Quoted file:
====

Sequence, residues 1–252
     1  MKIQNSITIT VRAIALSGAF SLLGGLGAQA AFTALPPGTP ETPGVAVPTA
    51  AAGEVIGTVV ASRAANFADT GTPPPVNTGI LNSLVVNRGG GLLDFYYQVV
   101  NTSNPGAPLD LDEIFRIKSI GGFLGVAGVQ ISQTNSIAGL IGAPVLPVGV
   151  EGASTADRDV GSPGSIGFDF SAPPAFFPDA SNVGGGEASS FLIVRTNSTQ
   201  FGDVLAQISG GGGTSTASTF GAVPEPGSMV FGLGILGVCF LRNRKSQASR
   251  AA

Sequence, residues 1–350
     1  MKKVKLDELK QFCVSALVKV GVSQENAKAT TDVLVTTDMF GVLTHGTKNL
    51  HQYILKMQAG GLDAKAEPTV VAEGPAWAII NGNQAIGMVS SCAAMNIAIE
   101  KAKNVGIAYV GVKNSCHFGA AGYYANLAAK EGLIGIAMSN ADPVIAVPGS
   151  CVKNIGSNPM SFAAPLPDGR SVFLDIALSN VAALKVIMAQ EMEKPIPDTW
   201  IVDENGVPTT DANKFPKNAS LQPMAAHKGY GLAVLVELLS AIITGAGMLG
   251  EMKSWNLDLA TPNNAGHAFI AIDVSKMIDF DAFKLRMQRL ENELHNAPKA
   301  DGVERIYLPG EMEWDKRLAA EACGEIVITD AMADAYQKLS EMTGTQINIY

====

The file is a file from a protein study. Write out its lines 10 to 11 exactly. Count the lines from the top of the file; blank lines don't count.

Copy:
    51  HQYILKMQAG GLDAKAEPTV VAEGPAWAII NGNQAIGMVS SCAAMNIAIE
   101  KAKNVGIAYV GVKNSCHFGA AGYYANLAAK EGLIGIAMSN ADPVIAVPGS